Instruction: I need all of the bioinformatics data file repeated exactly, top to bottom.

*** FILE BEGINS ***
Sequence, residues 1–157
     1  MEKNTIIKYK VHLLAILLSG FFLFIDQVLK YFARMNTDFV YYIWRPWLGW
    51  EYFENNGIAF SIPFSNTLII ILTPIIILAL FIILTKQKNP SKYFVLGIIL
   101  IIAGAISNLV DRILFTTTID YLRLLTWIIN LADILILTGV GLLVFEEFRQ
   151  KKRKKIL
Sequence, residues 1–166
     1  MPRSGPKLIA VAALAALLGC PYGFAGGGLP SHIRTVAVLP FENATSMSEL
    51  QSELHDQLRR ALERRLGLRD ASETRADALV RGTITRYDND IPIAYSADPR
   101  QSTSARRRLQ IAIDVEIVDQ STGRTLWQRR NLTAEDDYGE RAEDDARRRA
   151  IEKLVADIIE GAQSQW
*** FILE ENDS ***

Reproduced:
Sequence, residues 1–157
     1  MEKNTIIKYK VHLLAILLSG FFLFIDQVLK YFARMNTDFV YYIWRPWLGW
    51  EYFENNGIAF SIPFSNTLII ILTPIIILAL FIILTKQKNP SKYFVLGIIL
   101  IIAGAISNLV DRILFTTTID YLRLLTWIIN LADILILTGV GLLVFEEFRQ
   151  KKRKKIL
Sequence, residues 1–166
     1  MPRSGPKLIA VAALAALLGC PYGFAGGGLP SHIRTVAVLP FENATSMSEL
    51  QSELHDQLRR ALERRLGLRD ASETRADALV RGTITRYDND IPIAYSADPR
   101  QSTSARRRLQ IAIDVEIVDQ STGRTLWQRR NLTAEDDYGE RAEDDARRRA
   151  IEKLVADIIE GAQSQW